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Despite professors’ mixed reactions to the curricular review’s interim report, Dean of the Faculty William C. Kirby outlined at yesterday’s Faculty meeting the tasks of four new committees that will direct the next stage of the review.
The review, he said, is ending its brainstorming phase and will move on to make more concrete suggestions.
“We are at the end of the beginning,” Kirby said.
The four new committees, Kirby said, will focus on specific themes out of 57 recommendations put forth in the curricular review’s interim report, written by Associate Dean of the College Jeffrey Wolcowitz and released at the end of April.
Kirby said yesterday that one group will be charged with continuing to examine and organize general education at Harvard. It will consider how best to implement the report’s recommendation that Harvard establish a distribution requirement supplemented by broad “foundational and integrational” classes called the Harvard College Courses.
Another committee will address science education, focusing on revamping introductory science courses and revising the recommended pre-med curriculum. Kirby said before the curricular review report was released that pre-med students should be able to take introductory courses specifically designed to meet medical school requirements, leaving those studying pure science to take courses intended to match their interests.
The third committee will examine the Expository Writing Program, fulfilling the report’s recommendation that such a committee be established.
The committee will also examine writing across the curriculum and ways to integrate public speaking and expression into Expos classes.
Lastly, Kirby said, Dean of the College Benedict H. Gross ’71 will convene a committee to discuss the review’s controversial proposal that students be assigned to a House before arriving at Harvard and live in groups affiliated with those Houses during their first year.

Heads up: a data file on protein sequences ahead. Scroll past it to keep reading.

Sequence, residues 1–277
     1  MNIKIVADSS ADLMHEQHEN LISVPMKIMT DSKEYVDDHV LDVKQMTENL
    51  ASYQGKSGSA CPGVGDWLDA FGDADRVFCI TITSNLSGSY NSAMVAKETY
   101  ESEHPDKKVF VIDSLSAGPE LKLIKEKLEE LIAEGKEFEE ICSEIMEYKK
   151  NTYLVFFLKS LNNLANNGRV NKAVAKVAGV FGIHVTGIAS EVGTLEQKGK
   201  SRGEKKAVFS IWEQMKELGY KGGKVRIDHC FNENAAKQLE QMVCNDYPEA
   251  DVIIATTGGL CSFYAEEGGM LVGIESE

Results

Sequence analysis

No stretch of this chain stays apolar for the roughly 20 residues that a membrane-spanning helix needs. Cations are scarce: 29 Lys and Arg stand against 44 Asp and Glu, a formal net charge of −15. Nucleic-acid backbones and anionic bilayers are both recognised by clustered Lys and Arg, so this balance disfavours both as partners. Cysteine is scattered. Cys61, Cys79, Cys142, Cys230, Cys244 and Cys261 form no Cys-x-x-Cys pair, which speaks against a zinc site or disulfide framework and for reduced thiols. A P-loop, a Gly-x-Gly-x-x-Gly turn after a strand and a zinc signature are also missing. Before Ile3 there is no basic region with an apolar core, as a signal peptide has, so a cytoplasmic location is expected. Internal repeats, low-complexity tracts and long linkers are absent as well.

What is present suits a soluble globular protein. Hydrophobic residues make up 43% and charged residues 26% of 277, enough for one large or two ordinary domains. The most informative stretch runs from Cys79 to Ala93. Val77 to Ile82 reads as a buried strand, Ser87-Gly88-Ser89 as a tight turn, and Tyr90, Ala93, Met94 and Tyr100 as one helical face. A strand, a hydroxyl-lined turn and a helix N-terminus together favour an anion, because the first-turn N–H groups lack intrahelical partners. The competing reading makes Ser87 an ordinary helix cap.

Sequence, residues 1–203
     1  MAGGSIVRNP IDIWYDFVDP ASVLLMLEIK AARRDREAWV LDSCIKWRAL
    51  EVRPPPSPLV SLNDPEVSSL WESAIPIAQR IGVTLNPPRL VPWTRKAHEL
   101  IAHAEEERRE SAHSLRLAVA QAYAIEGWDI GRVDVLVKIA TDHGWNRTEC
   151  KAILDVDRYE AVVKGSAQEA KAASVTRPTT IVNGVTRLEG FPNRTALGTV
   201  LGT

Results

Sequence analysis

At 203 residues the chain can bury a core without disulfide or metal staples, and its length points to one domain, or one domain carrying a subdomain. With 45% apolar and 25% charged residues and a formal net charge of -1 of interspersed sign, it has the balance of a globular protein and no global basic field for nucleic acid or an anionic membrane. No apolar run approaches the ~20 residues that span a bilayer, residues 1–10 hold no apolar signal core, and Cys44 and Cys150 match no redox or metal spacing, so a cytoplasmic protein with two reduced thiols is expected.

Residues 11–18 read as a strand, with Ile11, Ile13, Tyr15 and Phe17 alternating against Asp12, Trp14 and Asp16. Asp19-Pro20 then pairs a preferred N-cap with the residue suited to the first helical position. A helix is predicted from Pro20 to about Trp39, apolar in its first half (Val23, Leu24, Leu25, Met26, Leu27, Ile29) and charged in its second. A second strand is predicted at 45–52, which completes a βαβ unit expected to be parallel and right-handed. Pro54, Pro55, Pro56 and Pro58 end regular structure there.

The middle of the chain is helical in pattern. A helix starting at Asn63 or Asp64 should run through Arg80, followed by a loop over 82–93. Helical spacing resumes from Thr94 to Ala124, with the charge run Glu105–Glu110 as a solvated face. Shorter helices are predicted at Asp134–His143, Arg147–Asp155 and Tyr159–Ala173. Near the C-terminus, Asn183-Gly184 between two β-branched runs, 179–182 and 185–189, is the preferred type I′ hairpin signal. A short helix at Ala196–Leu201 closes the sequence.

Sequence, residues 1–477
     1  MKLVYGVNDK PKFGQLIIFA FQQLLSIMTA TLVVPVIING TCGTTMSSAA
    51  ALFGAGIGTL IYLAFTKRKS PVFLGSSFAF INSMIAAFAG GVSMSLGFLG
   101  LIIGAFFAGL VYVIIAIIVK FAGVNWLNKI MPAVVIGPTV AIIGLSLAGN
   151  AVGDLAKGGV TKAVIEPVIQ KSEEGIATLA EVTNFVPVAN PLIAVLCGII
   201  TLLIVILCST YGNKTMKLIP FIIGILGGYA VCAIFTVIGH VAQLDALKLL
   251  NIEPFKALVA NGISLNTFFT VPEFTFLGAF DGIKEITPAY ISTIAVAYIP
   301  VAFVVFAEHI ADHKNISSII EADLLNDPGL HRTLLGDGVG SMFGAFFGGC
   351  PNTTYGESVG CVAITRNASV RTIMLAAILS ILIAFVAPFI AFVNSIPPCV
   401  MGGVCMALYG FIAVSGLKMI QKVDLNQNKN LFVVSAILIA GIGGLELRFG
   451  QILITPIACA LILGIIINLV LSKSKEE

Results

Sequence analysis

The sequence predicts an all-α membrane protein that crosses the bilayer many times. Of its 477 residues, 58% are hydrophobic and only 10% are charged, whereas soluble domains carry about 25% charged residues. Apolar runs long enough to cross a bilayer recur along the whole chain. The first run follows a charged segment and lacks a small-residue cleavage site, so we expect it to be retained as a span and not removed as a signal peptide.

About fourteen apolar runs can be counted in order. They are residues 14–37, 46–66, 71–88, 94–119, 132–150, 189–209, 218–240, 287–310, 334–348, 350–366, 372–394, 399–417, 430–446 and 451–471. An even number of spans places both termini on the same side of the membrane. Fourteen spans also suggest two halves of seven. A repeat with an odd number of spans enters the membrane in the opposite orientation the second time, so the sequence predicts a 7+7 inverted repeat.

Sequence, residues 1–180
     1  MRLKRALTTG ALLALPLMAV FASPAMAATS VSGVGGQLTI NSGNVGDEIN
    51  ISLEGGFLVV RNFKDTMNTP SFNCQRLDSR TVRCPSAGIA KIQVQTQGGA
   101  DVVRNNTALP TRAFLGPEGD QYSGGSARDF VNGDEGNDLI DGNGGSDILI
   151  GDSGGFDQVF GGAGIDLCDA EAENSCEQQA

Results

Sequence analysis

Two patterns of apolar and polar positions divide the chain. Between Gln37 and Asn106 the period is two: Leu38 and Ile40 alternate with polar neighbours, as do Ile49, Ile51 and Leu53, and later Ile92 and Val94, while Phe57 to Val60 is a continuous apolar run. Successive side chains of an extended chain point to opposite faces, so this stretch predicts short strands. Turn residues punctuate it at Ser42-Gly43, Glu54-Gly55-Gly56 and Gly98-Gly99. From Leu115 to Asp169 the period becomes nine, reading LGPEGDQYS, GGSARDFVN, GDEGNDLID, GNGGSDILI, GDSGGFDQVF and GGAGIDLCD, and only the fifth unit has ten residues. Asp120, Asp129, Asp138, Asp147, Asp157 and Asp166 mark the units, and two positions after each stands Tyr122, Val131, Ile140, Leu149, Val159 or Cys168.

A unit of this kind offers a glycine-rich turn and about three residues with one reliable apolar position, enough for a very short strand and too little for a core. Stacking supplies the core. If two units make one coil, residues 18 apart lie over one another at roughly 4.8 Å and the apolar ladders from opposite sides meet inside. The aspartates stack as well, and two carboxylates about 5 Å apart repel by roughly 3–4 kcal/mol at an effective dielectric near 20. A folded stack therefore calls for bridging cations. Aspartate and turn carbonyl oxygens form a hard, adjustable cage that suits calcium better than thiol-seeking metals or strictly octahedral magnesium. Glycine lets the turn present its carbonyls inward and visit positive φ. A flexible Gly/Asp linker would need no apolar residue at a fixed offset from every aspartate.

The new committees replace four wide-ranging working groups that deliberated throughout the first stage of the curricular review and were disbanded when the interim report was issued.
It is still unclear how the vast majority of the review’s recommendations are to be implemented, much to the displeasure of Joseph K. Green ’05, who served on the Working Group on Pedagogy.
Green said he was concerned that the other investigations might be pushed through without further student input.
Undergraduate Council President Matthew W. Mahan ’05 said the specific focus of these four committees could be problematic, but that he is pleased Gross is taking student input into account.
“I don’t think all the recommendations can fall under the purview of those four committees,” Mahan said.
He added that including a reexamination of the housing proposal in the new committee structure demonstrates that the College is taking students’ views seriously.
“If [Gross] were to take that straight to [Faculty] legislation, there would be a little bit of a backlash,” Mahan said. “To some extent I would say this is a lesson learned from preregistration.”
Kirby said the new committees will include both students and faculty members, and Mahan said the Undergraduate Council would be primarily responsible for selecting the students.